April 27, 2005

Dare Obasanjo stunned by simplicity of Web

Dare Obasanjo comments on RSS apps in Adam Bosworth's Web of Data

Over the weekend I wrote the MSN Spaces photo album browser page which displays slideshows of all the photos in the various albums on a particular user's MSN Spaces space. This page also can display the photos on a randomly selected space. This webpage is entirely powered by RSS. The photos are obtained from the RSS feed for the Space and the list of random spaces is obtained by querying MSN search with the query 'site:spaces.msn.com photo album' and requesting the results as RSS. In fact, the information from the MSN Spaces RSS feeds is enough to build something like the Flickr related tags browser, where instead of showing related tags one could show spaces related to the user from the information in their blog roll which happens to also be provided in the RSS feed. Pretty nifty and all without requiring building a REST, SOAP or XML-RPC API.

I think he's missing the point about Web-style apps when he says "without requiring building a REST [...] API". Because the API was uniform with the rest of the Web and not custom to the service, it was an easy integration task - not a full project, just a simple development task. He's mis-directing people by shining the light on RSS when the real reason this works is uniform interfaces, resource identifiers and nice representations in XML.

April 23, 2005

On HTTP Abuse

A great, great article - read it and think how you can help.
On HTTP Abuse

Every web framework I've ever worked with (Apache, CGI, Java Servlets, Quixote, Webware, Ruby on Rails, PHP, ASP.NET, CherryPy) were extremely limited in their support for the full set of capabilities provided by HTTP.

For instance, which frameworks ...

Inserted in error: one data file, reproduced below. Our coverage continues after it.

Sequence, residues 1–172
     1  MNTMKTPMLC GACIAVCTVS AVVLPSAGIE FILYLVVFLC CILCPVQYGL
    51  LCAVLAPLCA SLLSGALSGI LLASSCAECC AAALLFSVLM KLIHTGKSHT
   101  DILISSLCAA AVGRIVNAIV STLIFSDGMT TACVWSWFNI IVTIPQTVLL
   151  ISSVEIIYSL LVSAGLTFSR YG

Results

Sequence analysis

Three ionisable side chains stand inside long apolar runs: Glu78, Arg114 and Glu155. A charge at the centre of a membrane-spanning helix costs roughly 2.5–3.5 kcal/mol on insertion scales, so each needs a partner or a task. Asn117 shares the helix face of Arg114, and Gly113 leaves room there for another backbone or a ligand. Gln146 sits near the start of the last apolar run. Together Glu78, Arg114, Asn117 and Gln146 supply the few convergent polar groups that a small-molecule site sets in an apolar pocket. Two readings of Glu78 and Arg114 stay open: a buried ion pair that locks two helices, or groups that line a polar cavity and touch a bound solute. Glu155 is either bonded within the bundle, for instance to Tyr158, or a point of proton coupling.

• ... help implement content negotiation properly?
  • ... provide facilities for implementing a smart caching strategy for dynamic content? (proper use of If-Modified-Since, Expires, Cache-Control, etc.)
  • ... make dealing with media types easy?
  • ... make dealing with character encodings easy?
  • ... encourage the use of standard HTTP authentication schemes?
  • ... have a sane mechanism for attaching different behavior to different verbs for a single resource?
  • ... help ensure that URIs stay cool?
  • ... make dealing with transfer encodings (gzip, compress, etc.) easy?
  • ... help you use response status codes properly? (e.g. Nearly all dynamic content returns either a 200 or 500).

Great list. There is one early framework that did some of this - http://xml.apache.org/xang/ - but it never took off. It's sort of embarassing now, but archaeologically interesting.

April 21, 2005

Amazon directory of free MP3 downloads

Via BoingBoing - there's a directory of free MP3 downloads on Amazon. Finding the underlying URI for the actual MP3 is a bit of a challenge though.

I had put up a playlist on Webjay for some of these a while back - but it's nice to access the full list.